The tide of the civil rights movement changed in August 1963 when over 200,000 people joined the March on Washington for Jobs and Freedom, rallying for civil and economic rights for African Americans. At that march, Dr. Martin Luther King, Jr. gave his “I have a dream” speech, which changed our lives. I was ten years old. Now, along with hundreds of thousands of other people, I will march in Washington on January 21st, the day after the inauguration of Donald Trump as President of the United States, because the progress we have made towards that dream is under threat. I will stand up for women, for people of color, for immigrants, for all marginalized voices, for universal health care, for the environment, for justice, and for science. In my immediate group, I will stand with three other scientists, my sociologist daughter, Anna Mueller, my feminist economist sister, Diana Strassmann, and my cell biologist brother-in-law, Claudius Vincenz, along with other friends and family members.
In his campaign, Mr. Trump went to unprecedented lengths to demonstrate his disrespect for human beings and for scientific evidence. Both are extremely dangerous in a president. I object strongly to his contempt of immigrants, people of color, the disabled, and women. As a scientist, I object to his unfounded assertions, including those on climate change, the impact of Planned Parenthood on the lives of women and children, and the Affordable Care Act, to name just a few. His statements during the campaign received the lowest scores from independent fact checkers that have ever been seen on in a national campaign for our nation's top office.
Mr. Trump and his team make many specific assertions that disregard evidence about issues vital to women, children, families, and the environment. They wish to repeal the Affordable Care Act, ignoring over 16 million formerly uninsured Americans who now have health insurance. The temperature of the earth is rising faster and faster due to human activities that pump carbon dioxide and methane into the atmosphere. The increasing damage to the environment and to human lives is enormous. Yet Mr. Trump has named a climate change skeptic to head the Environmental Protection Agency and threatens to withdraw the US from the historic Paris agreement on climate change. Decisions not based on evidence that are instead based on prejudice, personal preference, or ideology are bad decisions.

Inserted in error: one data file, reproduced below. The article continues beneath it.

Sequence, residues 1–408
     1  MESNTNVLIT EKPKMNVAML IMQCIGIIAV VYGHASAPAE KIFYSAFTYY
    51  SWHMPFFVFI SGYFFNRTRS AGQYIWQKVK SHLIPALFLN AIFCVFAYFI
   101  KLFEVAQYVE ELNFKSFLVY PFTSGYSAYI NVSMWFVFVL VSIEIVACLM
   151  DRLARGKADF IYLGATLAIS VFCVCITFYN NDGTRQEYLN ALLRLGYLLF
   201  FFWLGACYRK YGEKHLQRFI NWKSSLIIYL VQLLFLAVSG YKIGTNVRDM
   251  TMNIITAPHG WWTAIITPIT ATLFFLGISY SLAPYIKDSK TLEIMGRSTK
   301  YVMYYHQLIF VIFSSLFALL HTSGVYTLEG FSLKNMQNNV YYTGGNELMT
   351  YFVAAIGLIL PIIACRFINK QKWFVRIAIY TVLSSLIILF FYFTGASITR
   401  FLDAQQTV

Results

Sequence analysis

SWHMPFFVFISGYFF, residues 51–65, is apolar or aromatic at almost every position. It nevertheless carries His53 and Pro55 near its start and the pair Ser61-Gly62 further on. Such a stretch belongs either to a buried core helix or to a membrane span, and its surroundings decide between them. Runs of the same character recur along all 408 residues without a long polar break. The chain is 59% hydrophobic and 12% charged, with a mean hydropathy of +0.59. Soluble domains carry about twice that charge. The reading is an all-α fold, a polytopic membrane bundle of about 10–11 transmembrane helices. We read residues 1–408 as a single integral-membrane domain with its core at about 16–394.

The ethos of science says that no individual has the knowledge and expertise to evaluate all theories. We are far more likely to get useful information from a climate scientist who has devoted her life to studying the climate and who puts her scientific reputation on the line with every word she writes about it than from someone who simply has an opinion. Yet Mr. Trump relies on his own intuition, his relatives, and his business associates, for guidance rather than experts. Simply witness his uninformed and baseless denial of Russia’s interference in the 2016 presidential election.
Now, more than ever, scientists must embrace the challenge and responsibility to communicate clearly and accurately with the public in ways that make the practical significance of scientific results clear. Social science in particular can help with understanding the complex interface between people’s beliefs and policy. For example even climate change deniers might favor actions for solar and wind power that mitigate climate harm if they are also economically beneficial.
The importance of science, evidence, and facts in developing policy is clear. But that does not mean that there is not room for differences of opinion and belief. Science does not say what people should believe, for example, what you should think about the morality of abortion. But science can inform opinions and beliefs. If you think abortion should be less frequent, ready access to health care that includes birth control will achieve this goal more effectively than reducing access to health care.
We cannot move forward wisely on any issue with an administration that does not respect evidence. These are very troubled times, whatever your political perspective, and so I march as a scientist for policies informed by scientific evidence. As a citizen, I march against an outdated electoral system that puts in power a man who makes unacceptably crass statements, brags about exploitative actions, and lost the popular vote by millions. Marches can make a difference, especially when they are part of a sustained movement. I hope this march marks a recommitment to the vision of Barack Obama and a rebirth of the kind, caring, and well-informed America I love.